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  • Man or Monster? The Trial of a Khmer Rouge Torturer by Alexander Laban Hinton
  • Manus I. Midlarsky
Man or Monster? The Trial of a Khmer Rouge Torturer, Alexander Laban Hinton (Durham, NC: Duke University Press, 2016), 360 pp., hardcover $99.95, paperback $26.95, electronic version available.

Alexander Laban Hinton’s Man or Monster? offers an interesting and novel treatment of the trial of a Khmer Rouge revolutionary accused of participating in Democratic Kampuchea’s (DK) genocide of 1.7 million Cambodians (1975–79). Duch (his nom de guerre) was charged with crimes against humanity, specifically the torture and execution of 12,000 victims. Hinton conducted numerous interviews with Cambodian witnesses, observed the trial, and utilized material from the Tuol Sleng Genocide Museum.

Avowedly literary, Hinton’s work is also extraordinarily detailed in its descriptions of the prosecution, the defense, and the defendant himself. In many respects the book assails the categorical concept of “evil” as a descriptor for perpetrators of genocide. Duch—a mathematician, teacher, and supervisor of M-13 (the Khmer Rouge’s Security Office during Cambodia’s civil war) and S-21 (the Security Center of DK)—described himself as “meticulous,” calling to mind Nazi recordkeeping. Obviously intelligent, diligent, and well read, Duch could recite French poetry by heart. One is again reminded of the well-educated SS guards who reveled in classical music after “a hard day’s work” of mass murder. Like the Nazis, Duch ordered the exhumation and cremation of bodies, lest evidence of his crimes be revealed. But Duch was apologetic, and cooperated with the prosecution in providing information about the regime’s activities. Like that of many Nazis, his defense relied in part on the “need” to respect the demands of the Party.

Thus, a complex portrait of the torturer and mass murderer emerges. Despite his education, Duch was “thoughtless,” succumbing to an ideological rigidity that stripped away complicated detail “to assert a narrower, categorized vision of the world, disempathy, and desire for ‘black and white’ truth. If this orientation did not predetermine his path to becoming a torturer and executioner, it likely predisposed him to do so in a context like DK” (p. 296). Duch affirmed that in his mind there was no path other than “to respect the discipline of the Party” (p. 76).

Hinton’s nuances are welcome. But to what extent can we ignore the hideous nature of Duch’s behavior, utterly divorced from moral sensibilities? The torture went beyond the “ordinary,” and included sexual violence such as the burning of female breasts. The M-13 building was originally a school. To convert a fundamentally constructive enterprise into a site of murder and human misery symbolized a realm of complete moral perversion. Duch’s original sentence from the Extraordinary Chambers in the Courts of Cambodia (ECCC) was thirty-five years, but with a five-year reduction for an illegal detention and credit for the eleven years of time served, Duch would have served only nineteen additional years. However, the Supreme Court Chamber (SCC) of the ECCC (in part due to public opinion and political pressure) overrode this decision and sentenced Duch to life in prison.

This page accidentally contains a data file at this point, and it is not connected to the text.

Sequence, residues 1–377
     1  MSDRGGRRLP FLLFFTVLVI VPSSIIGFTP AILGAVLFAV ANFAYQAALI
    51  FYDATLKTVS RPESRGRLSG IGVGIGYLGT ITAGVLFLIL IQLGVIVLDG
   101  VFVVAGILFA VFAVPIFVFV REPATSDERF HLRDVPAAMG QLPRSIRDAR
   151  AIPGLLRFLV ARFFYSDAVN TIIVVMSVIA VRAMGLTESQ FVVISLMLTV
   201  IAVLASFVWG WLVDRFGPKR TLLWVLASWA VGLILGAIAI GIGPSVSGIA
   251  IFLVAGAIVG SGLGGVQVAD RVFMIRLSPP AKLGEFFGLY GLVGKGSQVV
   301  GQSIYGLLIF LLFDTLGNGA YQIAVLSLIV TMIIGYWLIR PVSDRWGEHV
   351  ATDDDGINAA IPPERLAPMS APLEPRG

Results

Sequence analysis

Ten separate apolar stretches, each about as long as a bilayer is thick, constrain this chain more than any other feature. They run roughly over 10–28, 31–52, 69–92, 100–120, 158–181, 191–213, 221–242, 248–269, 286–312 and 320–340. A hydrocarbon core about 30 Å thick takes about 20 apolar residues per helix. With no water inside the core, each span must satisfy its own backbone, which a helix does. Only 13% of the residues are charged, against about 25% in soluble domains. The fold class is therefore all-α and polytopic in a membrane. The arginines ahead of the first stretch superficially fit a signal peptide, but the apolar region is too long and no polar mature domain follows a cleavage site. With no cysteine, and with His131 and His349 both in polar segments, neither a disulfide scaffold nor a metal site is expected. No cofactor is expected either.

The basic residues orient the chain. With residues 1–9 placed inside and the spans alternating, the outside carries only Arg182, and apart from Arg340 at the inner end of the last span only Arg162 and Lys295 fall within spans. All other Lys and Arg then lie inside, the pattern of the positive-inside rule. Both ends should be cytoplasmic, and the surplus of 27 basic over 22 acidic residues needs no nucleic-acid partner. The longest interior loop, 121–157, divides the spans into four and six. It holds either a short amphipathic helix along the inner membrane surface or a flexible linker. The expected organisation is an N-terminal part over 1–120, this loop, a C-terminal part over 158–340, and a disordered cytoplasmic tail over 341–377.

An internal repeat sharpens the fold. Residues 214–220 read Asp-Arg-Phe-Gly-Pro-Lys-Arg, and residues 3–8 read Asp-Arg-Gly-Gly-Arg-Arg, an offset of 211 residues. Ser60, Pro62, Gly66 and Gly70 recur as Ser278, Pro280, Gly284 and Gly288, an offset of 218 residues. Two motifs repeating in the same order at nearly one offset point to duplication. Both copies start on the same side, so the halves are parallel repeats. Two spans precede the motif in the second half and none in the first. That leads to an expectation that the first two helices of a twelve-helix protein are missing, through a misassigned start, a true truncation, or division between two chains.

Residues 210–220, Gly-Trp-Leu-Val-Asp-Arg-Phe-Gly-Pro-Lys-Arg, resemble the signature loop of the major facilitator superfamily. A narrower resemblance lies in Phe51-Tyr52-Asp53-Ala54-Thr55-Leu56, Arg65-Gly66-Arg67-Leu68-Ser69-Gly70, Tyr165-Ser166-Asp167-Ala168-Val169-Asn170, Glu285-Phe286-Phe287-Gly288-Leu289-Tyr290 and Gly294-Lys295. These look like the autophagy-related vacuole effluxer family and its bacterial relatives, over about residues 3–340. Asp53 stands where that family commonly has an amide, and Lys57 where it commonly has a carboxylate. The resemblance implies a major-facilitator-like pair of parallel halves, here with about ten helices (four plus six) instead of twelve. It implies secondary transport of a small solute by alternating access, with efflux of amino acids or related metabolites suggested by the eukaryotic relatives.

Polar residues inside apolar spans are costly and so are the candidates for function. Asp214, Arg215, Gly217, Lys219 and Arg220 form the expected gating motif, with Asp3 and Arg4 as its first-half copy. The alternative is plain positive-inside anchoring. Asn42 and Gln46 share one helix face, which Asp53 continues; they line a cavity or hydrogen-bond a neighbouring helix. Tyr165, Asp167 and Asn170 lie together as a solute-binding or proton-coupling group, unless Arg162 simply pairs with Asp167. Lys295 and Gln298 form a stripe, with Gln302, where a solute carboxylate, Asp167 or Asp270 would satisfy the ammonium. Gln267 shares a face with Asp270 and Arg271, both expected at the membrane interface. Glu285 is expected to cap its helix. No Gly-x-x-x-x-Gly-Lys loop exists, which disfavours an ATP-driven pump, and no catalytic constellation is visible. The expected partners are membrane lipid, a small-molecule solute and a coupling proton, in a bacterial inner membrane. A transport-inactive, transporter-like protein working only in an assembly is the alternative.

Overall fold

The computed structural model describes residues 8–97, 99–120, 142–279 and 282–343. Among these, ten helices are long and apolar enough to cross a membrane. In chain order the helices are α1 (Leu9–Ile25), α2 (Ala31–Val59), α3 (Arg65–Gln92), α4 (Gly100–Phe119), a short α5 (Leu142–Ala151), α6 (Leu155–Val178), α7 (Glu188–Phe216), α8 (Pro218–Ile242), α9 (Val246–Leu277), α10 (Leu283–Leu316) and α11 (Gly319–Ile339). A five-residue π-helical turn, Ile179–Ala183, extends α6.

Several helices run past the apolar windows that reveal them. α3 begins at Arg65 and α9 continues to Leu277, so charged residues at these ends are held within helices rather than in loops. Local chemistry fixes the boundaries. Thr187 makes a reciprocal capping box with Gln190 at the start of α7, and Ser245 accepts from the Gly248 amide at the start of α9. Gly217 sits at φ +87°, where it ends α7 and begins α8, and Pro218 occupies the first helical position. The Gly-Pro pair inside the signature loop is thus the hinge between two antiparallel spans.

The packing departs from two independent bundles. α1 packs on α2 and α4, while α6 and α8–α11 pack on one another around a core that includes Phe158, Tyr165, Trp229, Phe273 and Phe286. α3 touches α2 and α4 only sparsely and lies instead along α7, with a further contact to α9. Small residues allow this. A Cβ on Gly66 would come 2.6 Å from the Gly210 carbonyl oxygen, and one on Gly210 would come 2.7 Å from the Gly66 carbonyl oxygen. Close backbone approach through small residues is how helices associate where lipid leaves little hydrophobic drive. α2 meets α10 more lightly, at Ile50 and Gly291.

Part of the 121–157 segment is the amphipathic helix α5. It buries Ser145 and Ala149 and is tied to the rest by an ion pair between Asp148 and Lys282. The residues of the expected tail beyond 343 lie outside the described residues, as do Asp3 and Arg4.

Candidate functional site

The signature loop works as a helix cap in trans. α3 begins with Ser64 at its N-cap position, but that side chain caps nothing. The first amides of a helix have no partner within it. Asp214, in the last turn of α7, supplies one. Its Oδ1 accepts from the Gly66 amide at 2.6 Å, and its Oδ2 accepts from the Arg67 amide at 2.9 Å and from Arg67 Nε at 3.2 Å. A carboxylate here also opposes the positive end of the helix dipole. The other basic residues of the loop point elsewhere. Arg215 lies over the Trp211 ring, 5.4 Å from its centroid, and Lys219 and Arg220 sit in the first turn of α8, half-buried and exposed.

To a certain extent Hinton follows Hannah Arendt’s famous characterization of Adolf Eichmann as an example of “the banality of evil.” Hinton interprets such “banality” as a simplification of the world in order to navigate complexity. As Eichmann seemed banal and unexceptional, so too did Duch. Yet at their trials both Eichmann and Duch’s lives were at stake: for Eichmann to display virulent antisemitism in Jerusalem or for Duch to have paraded himself as a violent revolutionary would have been counterproductive, to say the least. Yet these characterizations of both men are accurate. As we learned later, during World War II Eichmann at times displayed an almost rabid antisemitism, and Duch was indeed a violent revolutionary in the mold of Mao Zedong. [End Page 134]

To draw general conclusions from their demeanors at trial is itself a simplification. Both Eichmann and Duch probably dissimulated in hopes of better treatment, and their more advanced age made them appear less threatening. Duch’s projected persona worked before the lower court. Eichmann...


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pp. 134-135
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